“Let’s try to slow down a little bit. In this space, let everybody finish what they’re saying. When we go more slowly, usually everybody thinks a little more clearly.” This quote from The Patient’s third episode is the perfect summation of my feelings towards the opening episodes of the show. The psychological thriller has great premise, a serial killer kidnaps his therapist and keeps him tied up in his basement as a deluded step towards self-improvement, but watching those first few episodes of the 10-part miniseries, something felt off. It was intriguing, occasionally thrilling, but the beats never hit a strongly as they could have. The show has a problem with patience and pacing.
The Patient is a series so afraid of being boring that it rushes through so much of its initial drama. The writers – Joel Fields and Joe Weisberg, known for The Americans, a show I love – seem equally scared and excited at the prospect of writing a show featuring two characters in a basement. They try all the cheap tricks to make it engaging – short scenes, 20-minute episodes, punchy cliffhangers – when the story demands to take it slow and spend time with these characters in this strange circumstance. Just look at Inside No. 9, one of, if not the best show on television, if you want to see how engaging and dynamic two-man, single-location plays on television can be.
Rather ironically, The Patient demands patience from the viewer yet has none itself. In the US, the show aired an episode a week, and while I’m usually all for weekly viewing to allow time to properly digest each instalment, twenty minutes a week is not a full meal. Blessedly, the entire series debuted at once in the UK and I doubt I’d have kept with it if it hadn’t. The short runtimes actively damage the drama of the episode. Therapy scenes between therapist Alan (Steve Carell) and patient Sam (Domhnall Gleeson) often cut away halfway through to the next scene despite the conversation clearly going on for longer. This is a pet peeve of mine about modern TV writing – ending on a character asking another a question and we not hearing how they answer. In this show, not seeing the end of therapy scenes is disastrous. Every interaction between these two men is vital. The way the show is put together highlights that it is a structured narrative rather than a naturally-evolving story.
Alan spends days and days, ultimately weeks and weeks, chained to a bed and confined to a single room. Yet the show never puts the effort into presenting this. The audience never gets a good sense of his time there. It should be like June in The Handmaid’s Tale, getting to know every inch of the room she’s kept in, seeing how he actually lives in those conditions: how he washes, relieves himself, and trims his immaculate beard and hair. He would feel agonising boredom but the show doesn’t commit to it because it’s too scared of being boring itself. What could be the tensest and most dramatic scenes are also lessened by the show’s need to rush. In one scene Alan leaves a jug, or pitcher, he’s been imagining killing Sam with on the table they share but the show draws no attention to it. I want the drama to be milked for all it’s worth. I want to see Alan place it there, think about it, prepare his actions, glance at it during the conversation, and then decide against it. But as it stands, it is simply there in one scene and not in the next.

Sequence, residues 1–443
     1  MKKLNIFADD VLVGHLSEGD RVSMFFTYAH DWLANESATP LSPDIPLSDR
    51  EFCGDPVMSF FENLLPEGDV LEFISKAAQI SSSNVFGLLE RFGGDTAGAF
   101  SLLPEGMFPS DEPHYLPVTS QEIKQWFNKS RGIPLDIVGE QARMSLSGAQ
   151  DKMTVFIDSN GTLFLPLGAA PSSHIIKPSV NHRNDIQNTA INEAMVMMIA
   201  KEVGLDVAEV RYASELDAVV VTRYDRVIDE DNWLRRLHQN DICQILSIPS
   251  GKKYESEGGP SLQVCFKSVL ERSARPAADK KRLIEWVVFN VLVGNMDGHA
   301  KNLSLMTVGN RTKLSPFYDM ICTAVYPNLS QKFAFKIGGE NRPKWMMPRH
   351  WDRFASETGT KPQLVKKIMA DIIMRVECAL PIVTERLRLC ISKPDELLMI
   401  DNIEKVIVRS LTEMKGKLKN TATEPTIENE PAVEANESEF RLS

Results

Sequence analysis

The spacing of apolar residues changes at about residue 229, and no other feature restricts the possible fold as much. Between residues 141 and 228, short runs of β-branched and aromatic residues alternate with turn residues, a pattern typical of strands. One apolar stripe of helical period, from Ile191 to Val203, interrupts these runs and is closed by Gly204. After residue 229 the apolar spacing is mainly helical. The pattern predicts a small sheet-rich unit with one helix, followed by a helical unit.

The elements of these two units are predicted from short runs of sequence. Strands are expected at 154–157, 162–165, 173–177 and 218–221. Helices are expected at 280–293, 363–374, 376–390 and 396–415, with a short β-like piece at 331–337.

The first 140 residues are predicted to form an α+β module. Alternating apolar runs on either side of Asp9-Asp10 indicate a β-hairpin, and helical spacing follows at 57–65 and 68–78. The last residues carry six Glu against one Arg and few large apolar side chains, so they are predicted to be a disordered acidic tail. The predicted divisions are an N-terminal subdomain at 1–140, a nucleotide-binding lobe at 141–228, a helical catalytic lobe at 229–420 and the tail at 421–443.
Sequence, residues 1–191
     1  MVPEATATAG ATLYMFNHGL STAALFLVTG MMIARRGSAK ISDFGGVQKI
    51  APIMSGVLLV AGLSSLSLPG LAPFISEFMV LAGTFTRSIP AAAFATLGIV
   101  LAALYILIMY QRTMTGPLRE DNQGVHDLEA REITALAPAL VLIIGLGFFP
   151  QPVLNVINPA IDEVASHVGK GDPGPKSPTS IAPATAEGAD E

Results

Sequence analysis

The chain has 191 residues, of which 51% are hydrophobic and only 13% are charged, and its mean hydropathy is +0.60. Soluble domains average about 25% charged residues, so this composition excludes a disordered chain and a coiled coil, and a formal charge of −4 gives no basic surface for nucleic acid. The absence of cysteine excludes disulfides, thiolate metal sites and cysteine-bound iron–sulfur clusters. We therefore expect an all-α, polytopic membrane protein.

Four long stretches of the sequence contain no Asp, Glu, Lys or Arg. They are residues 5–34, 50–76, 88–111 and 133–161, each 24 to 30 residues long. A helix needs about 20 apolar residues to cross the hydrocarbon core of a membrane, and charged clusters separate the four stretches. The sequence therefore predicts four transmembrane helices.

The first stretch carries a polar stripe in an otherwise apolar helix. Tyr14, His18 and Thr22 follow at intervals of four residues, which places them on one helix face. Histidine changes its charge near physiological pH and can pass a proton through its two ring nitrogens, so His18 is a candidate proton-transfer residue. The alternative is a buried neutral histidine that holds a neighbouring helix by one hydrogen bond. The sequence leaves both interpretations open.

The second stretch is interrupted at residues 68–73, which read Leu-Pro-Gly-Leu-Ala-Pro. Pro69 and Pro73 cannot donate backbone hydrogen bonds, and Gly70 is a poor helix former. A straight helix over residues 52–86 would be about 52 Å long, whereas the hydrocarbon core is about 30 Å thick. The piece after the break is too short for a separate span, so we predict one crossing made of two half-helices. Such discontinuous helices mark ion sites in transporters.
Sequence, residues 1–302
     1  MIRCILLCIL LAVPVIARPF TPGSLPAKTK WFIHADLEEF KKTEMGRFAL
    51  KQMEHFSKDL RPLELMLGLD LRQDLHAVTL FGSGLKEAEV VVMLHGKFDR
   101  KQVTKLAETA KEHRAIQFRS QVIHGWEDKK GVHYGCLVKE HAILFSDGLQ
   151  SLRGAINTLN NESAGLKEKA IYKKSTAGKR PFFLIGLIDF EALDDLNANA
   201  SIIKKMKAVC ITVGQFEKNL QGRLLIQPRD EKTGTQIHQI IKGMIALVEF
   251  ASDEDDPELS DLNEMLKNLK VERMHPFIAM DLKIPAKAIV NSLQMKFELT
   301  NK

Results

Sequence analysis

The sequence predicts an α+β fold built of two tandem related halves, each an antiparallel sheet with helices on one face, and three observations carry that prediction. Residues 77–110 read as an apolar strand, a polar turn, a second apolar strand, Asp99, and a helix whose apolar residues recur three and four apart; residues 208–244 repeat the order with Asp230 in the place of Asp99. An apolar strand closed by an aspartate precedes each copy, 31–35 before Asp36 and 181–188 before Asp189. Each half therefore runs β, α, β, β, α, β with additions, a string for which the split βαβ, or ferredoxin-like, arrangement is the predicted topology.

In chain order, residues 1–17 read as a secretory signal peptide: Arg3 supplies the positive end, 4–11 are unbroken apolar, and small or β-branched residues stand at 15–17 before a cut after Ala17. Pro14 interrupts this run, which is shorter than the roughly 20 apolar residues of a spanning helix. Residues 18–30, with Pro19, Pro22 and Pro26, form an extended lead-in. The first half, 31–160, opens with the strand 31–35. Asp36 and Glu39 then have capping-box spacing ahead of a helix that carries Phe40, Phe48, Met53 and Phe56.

Fields and Weisberg are capable writers and the conversations between Alan and Sam can be riveting, when they allow them to be. The actors are great throughout but I want long, engrossing therapy sessions like In Treatment or the interviews in Mindhunter. Scenes that make me lean in, full of expert folly work of creaking chairs and shuffling clothes. In the early episodes, the scenes are far too fast. There’ll be a great one-minute chat before it suddenly cuts before the conversation is over to Alan mediating afterwards and remembering a flashback to try and keep the audience engaged even though we already were! I know presenting the passage of time is necessary but putting all these short therapy sessions into one long scene which lets everything breathe would be much better.
The only thing the show does take its time with from the very beginning is listening to Sam urinating just before he visits Alan each day, which is a detail I love. It shows that Sam is comfortable, perhaps too much so, with Alan’s presence, that he lacks regular social graces and embarrassment, and treats his therapist as a tool in his basement just like the toilet. He doesn’t see a difference between physical and mental release. Of course, it also serves a practical reason in a later episode when Alan rushes to do something in the time it takes Sam to urinate, having learnt his procedure. I wish there were more weird but insightful details like this throughout the show.
Thankfully, the series builds on the potential it shows in the early episodes and gradually calms, allowing for episodes with longer runtimes and full scenes and conversations between the characters. The Patient never truly excels but it is a solid watch by its midpoint but then, again, the finale hints at some story aspects, like Sam wanting a replacement father more than a therapist, that are a little rushed, but the show does grow more confident and assured, ultimately ending on a surprising point that I felt worked, but I’m sure some will feel otherwise.
What are your thoughts on The Patient? Let me know in the comments and be sure to geek out with me about TV, movies, and video-games on Twitter @kylebrrtt.